1. I would never expect everyone to like me! I’m definitely not everyone’s cup of tea. 🙂

      But what really upset me (call me childish) was being betrayed and attacked publicly and online by at least a dozen women — none of whom have ever even met me.

      If I’ve hurt someone, I get it. But this kind of attack-from-a-distance is seriously sick shit.

      1. SO ugly! I was bullied every day in high school by a small group of boys (never by women). I survived it.

        There is a new way of behaving, on-line, that brings out seriously vicious speech — with impunity. WOMEN. What on earth is wrong with them?

  2. This piece was very well written, and so true on all levels. The comparison that you made of Facebook friends versus actual friends, speaks volumes. I do my best to stay connected with my actual friends, because those are the friends I see, I can hug, and they know me, as well as I know them. Thank you for writing this piece and sharing this story with us.

    1. Thank you — for making time to read and to comment!

      I really fell into the trap of thinking some of these people were friends when, in fact, they were out to cause me serious harm. It was a useful/painful reminder that true friends may not come so easily or quickly and there’s a reason for that.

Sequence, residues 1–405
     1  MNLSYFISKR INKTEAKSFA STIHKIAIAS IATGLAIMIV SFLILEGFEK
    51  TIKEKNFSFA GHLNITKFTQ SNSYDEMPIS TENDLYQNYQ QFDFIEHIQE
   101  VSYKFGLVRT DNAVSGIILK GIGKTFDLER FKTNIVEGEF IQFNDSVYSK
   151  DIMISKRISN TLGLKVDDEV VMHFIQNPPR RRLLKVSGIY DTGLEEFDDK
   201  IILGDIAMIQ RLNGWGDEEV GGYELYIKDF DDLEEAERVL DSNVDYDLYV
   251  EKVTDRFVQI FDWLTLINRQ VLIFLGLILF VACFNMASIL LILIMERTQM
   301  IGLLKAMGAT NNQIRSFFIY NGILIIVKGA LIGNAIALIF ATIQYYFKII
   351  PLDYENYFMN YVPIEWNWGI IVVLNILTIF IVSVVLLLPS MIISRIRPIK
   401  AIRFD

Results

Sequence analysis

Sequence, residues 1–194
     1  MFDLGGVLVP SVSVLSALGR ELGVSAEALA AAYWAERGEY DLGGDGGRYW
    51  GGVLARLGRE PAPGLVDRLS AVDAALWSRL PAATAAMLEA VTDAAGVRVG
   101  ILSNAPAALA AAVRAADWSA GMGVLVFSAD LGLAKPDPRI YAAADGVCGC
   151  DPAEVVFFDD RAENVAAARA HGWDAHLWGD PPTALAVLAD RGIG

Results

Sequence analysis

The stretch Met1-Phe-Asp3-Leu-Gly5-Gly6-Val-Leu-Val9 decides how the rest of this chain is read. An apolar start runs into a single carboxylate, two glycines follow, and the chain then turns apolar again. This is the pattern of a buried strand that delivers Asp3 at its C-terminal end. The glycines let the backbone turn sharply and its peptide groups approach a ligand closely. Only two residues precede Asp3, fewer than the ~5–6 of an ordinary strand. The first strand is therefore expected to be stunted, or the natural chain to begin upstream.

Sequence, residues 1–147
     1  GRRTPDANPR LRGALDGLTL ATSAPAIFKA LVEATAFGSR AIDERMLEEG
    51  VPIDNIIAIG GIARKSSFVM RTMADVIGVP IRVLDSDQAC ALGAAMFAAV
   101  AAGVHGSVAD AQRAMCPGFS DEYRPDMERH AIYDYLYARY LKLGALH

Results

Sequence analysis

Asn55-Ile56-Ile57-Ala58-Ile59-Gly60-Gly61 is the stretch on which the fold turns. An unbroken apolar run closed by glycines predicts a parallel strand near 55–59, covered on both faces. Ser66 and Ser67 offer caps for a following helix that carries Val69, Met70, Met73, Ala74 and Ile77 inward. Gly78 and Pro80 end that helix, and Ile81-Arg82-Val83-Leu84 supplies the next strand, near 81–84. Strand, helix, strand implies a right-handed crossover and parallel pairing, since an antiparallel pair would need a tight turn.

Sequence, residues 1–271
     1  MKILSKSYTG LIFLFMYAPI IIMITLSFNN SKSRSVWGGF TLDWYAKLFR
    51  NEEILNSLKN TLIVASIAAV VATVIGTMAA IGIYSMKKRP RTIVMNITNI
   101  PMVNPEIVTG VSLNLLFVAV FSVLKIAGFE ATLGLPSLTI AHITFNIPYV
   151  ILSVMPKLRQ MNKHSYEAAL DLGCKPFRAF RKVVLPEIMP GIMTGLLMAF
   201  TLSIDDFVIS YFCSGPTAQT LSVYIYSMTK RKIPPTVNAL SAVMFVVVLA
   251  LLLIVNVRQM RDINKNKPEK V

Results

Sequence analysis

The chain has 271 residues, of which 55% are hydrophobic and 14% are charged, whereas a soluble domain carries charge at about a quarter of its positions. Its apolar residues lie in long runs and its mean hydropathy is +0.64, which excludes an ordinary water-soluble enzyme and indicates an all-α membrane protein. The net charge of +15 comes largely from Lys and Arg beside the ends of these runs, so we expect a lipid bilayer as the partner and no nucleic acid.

3. Pingback: [BLOG] Some Monday links | A Bit More Detail

  4. I have a few dear friends (both people I see and some cyber pals). I take the time to nurture these relationships because they connect me to what is essential in myself and in life. Interestingly, each friend offers (and I offer them) something different, so each is precious in their own way. Yes, friendships take commitment and time. They are well worth it. “Stuff” is meaningless without people you love to share it with.

    And yes, I have been betrayed and stung by people I gave my heart to. I haven’t stopped giving my heart away, though. I would be a very destitute person indeed if I closed myself up to the gift of kindness because I was once hurt.

  5. Pingback: Friendships: some true, some toxic | Broadside